The Syrian Refugee Crisis: Global Community or Global Incongruity?

By Brayden Anstee

According to Seta Kabranian-Melkonian (2015), a researcher at the University of Alaska, the number of refugees and internally displaced people is continually rising all across the world. In Syria alone, the United Nations Office for the Coordination of Humanitarian Affairs estimates that the refugee crisis there entails 12.2 million people in need of humanitarian assistance. Although Syria is not the only area with an increasing number of displaced persons, the actions of terrorist faction ISIS in that region have made it one of the most active areas in terms of violence against innocents. With this influx of people desperately in need of assistance, many countries particularly in the European Union (EU) have taken on the onus of assisting the millions of people displaced by this conflict.

Or have they? Many citizens in the European Union are deeply divided on whether or not accepting refugees is a meritorious use of state resources. Leaders of nations are equally as divided (Investor’s Business Daily, 2015), and in particular, Hungary has refused to acquiesce to the EU’s plans for compulsory migrant quotas on the ideologically driven position that multiculturalism has been a failed experiment in Western Europe, and this has been coupled with the vague notion that “Christian Europe” is now under serious threat (Freeman, 2015). It is not surprising to learn that millions of people in need of humanitarian assistance identify as Muslim, and religious ideological differences seem to be a key point of serious contention in the refugee debate not only in Europe, but also in North America. For instance, nationalistic fervor has erupted in the United States, with panic ensuing that refugees have the potential to, and are motivated to, “…change the way of American life” (Fausset, 2015). Of course, post-9/11, the rhetoric of Islam threatening the championed concept of ‘American life’ has been strikingly pervasive.

It is this particular global issue that has, in my view, necessitated a closer examination of the philosophy of cosmopolitanism. Put simply, according to Martha Nussbaum (1994) this view stresses that we are all first and foremost citizens of the world, not merely of our particular nation-state, and that we are all equally worthy of a particularly high degree of respect and consideration. In her article, Nussbaum cautioned against the potential for patriotic nationalism, now deeply ingrained in many citizens of Western nations, to become ‘politics of difference’; in other words, she posited that nationalist sentiments could potentially lead to the outright rejection of the humanity of those who do not live in a particular nation-state. The truth of this warning is perhaps nowhere better evidenced than in nations with a strong anti-refugee stance. Pondering on the Fausset article, just what is the “way of American life”? Ostensibly, it is a way of life that emphasizes a particular set of local values and privileges the holders of such values above others in the human community.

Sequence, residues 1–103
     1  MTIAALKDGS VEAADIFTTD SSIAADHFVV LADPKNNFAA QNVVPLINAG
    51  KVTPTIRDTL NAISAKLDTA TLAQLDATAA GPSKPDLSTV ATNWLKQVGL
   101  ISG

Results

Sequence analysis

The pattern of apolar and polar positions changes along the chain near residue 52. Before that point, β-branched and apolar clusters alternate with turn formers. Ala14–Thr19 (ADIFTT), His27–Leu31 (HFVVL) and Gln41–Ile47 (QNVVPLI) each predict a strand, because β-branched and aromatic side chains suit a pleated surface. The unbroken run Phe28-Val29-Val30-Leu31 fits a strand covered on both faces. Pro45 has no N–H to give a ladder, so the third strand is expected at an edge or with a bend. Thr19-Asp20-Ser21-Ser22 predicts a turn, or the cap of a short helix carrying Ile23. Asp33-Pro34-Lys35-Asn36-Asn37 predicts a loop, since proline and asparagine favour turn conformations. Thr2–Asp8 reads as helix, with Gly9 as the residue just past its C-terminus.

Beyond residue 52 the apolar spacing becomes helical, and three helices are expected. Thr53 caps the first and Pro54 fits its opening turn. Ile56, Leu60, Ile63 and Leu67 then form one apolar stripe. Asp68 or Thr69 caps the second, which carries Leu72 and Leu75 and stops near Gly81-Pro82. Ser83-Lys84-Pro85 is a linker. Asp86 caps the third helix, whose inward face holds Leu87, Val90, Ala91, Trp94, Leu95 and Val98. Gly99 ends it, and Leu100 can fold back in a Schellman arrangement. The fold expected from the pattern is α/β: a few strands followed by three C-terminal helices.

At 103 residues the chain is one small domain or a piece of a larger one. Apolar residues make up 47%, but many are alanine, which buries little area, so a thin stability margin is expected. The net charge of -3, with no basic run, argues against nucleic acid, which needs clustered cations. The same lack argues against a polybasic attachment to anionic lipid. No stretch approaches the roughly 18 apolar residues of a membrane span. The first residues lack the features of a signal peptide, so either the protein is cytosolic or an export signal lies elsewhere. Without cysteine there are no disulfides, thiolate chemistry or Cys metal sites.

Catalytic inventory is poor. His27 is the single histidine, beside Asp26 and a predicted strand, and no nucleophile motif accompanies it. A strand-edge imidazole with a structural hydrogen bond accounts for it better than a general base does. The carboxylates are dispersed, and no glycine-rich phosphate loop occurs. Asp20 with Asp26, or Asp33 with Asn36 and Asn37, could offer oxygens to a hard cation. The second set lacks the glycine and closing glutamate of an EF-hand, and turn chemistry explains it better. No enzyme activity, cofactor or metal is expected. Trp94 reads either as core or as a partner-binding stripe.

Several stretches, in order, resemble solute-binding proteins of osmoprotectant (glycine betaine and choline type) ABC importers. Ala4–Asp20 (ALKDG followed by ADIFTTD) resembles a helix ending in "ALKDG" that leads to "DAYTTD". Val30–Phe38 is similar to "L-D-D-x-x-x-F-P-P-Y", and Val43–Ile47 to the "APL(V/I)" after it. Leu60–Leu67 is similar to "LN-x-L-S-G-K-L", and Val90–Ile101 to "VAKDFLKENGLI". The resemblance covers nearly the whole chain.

I have not focused on specific developing countries, but my observations above are as equally applicable in the context of Africa. At a recent conference in Toronto on nationalism and development in Africa, the noted Congolese scholar Georges Nzongola-Ntalaja issued a passionate plea for a cosmopolitan approach to the world’s ongoing refugee crisis. Among other things, Dr. Nzongola-Ntalaja believes very strongly that all states should welcome political and economic refugees with open arms (and residency permits).

In my view, the cosmopolitan viewpoint is becoming progressively relevant and important in a world that is characterized by what Manfred Steger (2003) termed ‘globality’. The refugee crisis is merely one instance of the increasing necessity to view others on earth as equally worthy of our respect and consideration as those in our own country. As it stands, there are many people worldwide that direly require our compassion and assistance. Their very lives depend on it. And it is only by embracing the sort of morality that does not privilege one life above another, the sort of morality that more or less equally values every member of the human community, that they can be protected in their time of need. Nationalism and ethnocentrism of the sort that exist now preclude the alleviation of the horrible injustices facing so many of our fellow human beings at this very moment.

References

Fausset, R. (2015, September 25). Refugee crisis in Syria raises fears in South Carolina. The New York Times. Retrieved from http://www.nytimes.com.

Freeman, C. (2015, September 26). Hungary to EU: migrant quotas will repeat Western Europe’s ‘failed’ attempts at multiculturalism. The Telegraph. Retrieved from http://www.telegraph.co.uk.

Investor’s Business Daily (2015, September 24). Europe still split on migrants. Investors Business Daily.

Kabranian-Melkonian, S. (2015). Ethical concerns with refugee research. Journal of Human Behavior in the Social Environment, 25(7), 714-722. doi:10.1080/10911359.2015.1032634

Nussbaum, M. (1994). Patriotism and cosmopolitanism. Boston Review, XIX (5), 3-16.

Steger, M. (2003). Globalization: A very short introduction. Oxford: Oxford University Press.

United Nations Office for the Coordination of Humanitarian Affairs (2015). Syrian Arab Republic. Retrieved from http://www.unocha.org/syria.

Stigma, Discrimination and Social Exclusion of the mentally ill in Ghana, by Magnus Mfoafo M’Carthy and Jeff Grischow

Ms. Doris Appiah Danquah attended one of the premiere high schools in Ghana, Achimota school in Accra, Ghana. Due to her excellent academic performance, she was eventually admitted to the Medical School at the University of Ghana. However, bouts of depression made it difficult for her to focus on her studies and she dropped out of university. For the next 22 years, she was moved through a series of fetishes and spiritual camps, where she was routinely drugged, stigmatised, chained and beaten. At one point she was made to understand that her mother had cursed her and made her mentally ill. Also, she was told that her condition was because she had not served God well and would never recover. One time, a group of children who knew her bought her food but threw the plates away after she had finished eating. Eventually Danquah became an influential advocate for the rights of the mentally ill in Ghana, and she was featured in a 2014 documentary sponsored by Britain’s international development agency DFID. The film can be found here: